Carman said he is a big proponent of the residential university concept, and looks to continue expanding these opportunities. At LSU, he established a Science Residential College for entering freshmen, a concept similar to the successful living-learning communities here at the University. He also wants to increase supplemental instructors to help professors and do something the University has not tried yet, boot camps.
"Academic boot camps, a week of intense orientation for new students, have shown success at LSU and elsewhere, and the College of Science will be instituting a pilot program here next semester," he said. "It's been shown that boot camps dramatically increase academic performance and student success rates. Students are taught study habits, time management, guidance in particular courses and even financial management. Students who go through boot camp are twice as likely to graduate in their major. We give them tools for success."
As the chief academic officer, Carman will oversee the University's six colleges, the Division of Health Sciences, Division of Extended Studies and University of Nevada Cooperative Extension.
"Kevin's focus on enhancing the student experience and student success strongly aligns with the commitment and direction we have set here in Nevada," said Marc Johnson, University president. "He brings an impressive breadth of experience, and it is apparent that he shares our aspirations for further enhancing the mission and role of our University."
"I am humbled and honored by this opportunity to join the University of Nevada, Reno family and to be a member of President Johnson's leadership team," Carman said. "This is a great institution with a wonderful legacy, and I am excited to be part of what I see as a very bright future."
Carman's research interests are in the area of marine ecology and ecotoxicology. He serves on the editorial board of International Scholarly Research Network Oceanography and previously served as subject editor for Aquatic Microbial Ecology. Carman is a Fellow of the American Association for the Advancement of Science. He has also received numerous citations for outstanding teaching.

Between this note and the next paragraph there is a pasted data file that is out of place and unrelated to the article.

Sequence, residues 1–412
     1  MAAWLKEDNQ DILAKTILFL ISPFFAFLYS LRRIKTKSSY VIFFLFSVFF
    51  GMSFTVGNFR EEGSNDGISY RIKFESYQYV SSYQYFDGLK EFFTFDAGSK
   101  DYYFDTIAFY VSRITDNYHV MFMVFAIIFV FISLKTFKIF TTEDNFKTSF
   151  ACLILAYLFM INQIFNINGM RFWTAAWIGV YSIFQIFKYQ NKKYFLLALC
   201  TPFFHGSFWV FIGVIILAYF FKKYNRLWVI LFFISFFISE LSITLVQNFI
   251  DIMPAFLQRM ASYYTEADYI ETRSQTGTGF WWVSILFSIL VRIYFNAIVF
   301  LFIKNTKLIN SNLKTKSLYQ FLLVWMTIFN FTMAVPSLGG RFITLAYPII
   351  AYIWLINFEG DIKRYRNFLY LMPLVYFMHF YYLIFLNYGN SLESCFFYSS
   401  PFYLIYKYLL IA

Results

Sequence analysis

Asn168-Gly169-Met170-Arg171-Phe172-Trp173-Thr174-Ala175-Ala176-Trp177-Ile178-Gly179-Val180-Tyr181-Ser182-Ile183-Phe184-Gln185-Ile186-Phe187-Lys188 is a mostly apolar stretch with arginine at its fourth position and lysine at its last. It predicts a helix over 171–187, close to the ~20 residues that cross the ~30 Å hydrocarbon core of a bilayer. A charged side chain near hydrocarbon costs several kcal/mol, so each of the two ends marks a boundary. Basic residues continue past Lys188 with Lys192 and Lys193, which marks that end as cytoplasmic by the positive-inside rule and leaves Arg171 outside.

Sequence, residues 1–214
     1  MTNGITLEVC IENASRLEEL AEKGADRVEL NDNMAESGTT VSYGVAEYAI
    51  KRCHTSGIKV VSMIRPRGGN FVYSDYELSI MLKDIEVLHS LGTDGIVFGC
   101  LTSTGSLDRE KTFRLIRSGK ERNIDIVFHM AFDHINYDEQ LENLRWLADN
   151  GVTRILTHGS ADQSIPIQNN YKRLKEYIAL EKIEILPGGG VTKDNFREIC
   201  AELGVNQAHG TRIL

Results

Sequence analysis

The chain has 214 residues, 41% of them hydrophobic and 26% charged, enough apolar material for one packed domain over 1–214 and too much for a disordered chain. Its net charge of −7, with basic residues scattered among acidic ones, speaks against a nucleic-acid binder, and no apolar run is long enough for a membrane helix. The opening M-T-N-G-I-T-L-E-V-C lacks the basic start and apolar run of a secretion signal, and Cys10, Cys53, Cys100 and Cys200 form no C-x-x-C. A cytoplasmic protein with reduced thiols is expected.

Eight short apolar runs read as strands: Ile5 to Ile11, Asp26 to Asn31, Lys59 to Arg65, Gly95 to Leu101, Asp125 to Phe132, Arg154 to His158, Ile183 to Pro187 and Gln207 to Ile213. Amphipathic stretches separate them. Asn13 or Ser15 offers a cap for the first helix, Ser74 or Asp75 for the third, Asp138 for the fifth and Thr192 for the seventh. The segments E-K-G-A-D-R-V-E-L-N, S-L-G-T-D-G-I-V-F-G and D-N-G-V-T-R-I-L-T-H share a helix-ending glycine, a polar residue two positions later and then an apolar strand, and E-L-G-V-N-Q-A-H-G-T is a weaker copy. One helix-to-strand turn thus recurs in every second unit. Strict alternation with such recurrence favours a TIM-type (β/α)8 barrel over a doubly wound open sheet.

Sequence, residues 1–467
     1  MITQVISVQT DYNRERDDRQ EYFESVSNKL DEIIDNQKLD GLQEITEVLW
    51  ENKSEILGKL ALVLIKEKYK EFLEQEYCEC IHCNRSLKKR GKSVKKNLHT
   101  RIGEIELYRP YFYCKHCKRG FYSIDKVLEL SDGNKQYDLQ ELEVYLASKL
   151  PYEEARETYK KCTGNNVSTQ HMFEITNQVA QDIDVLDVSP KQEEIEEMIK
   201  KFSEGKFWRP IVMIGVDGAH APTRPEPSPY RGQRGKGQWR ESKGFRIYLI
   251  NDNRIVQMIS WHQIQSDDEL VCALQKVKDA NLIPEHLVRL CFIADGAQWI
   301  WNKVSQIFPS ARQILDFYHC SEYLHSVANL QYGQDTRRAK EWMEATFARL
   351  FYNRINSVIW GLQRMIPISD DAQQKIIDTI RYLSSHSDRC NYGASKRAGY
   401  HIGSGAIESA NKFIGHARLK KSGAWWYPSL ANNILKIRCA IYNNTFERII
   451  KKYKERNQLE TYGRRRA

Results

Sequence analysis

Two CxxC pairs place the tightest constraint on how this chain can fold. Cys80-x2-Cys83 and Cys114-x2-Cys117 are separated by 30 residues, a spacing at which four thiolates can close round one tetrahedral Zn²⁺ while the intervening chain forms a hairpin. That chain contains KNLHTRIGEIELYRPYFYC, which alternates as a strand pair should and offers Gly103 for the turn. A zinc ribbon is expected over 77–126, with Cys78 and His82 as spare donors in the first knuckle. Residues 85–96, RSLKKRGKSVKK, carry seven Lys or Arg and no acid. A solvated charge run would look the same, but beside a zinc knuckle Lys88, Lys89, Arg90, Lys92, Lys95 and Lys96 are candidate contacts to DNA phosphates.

"I miss the classroom and research, though I'm still part of an active project studying the effect of the oil spill in the Gulf," he said. "I taught last spring, I enjoy it, and it really helps me get the pulse of the students. With my new duties, though, teaching and research will have to wait."
Carman, a Kansas native, said he has been in the West before, and much of his research as an oceanographer was done in Monterey Bay on the coast of California. Besides the rigors of the job, he's looking forward to getting to know the region. He and his wife, Susan Welsh, enjoy hiking, and he hopes to do a little golfing.
"Susan and I have always loved the American West, and we look forward to exploring and enjoying the natural beauty of the region," he said. "On the drive out here, I left flat ground behind in San Antonio. Driving through Nevada, I was a bit surprised by the mountain ranges. There was always a mountain on the horizon, and the small towns I drove through reminded me of Kansas, where I grew up in small towns.
"Obviously, from a geographic and cultural perspective, there are substantial differences between southern Louisiana and northern Nevada. I do, for example, expect that the gumbo in Reno will be quite different from what we have become accustomed to."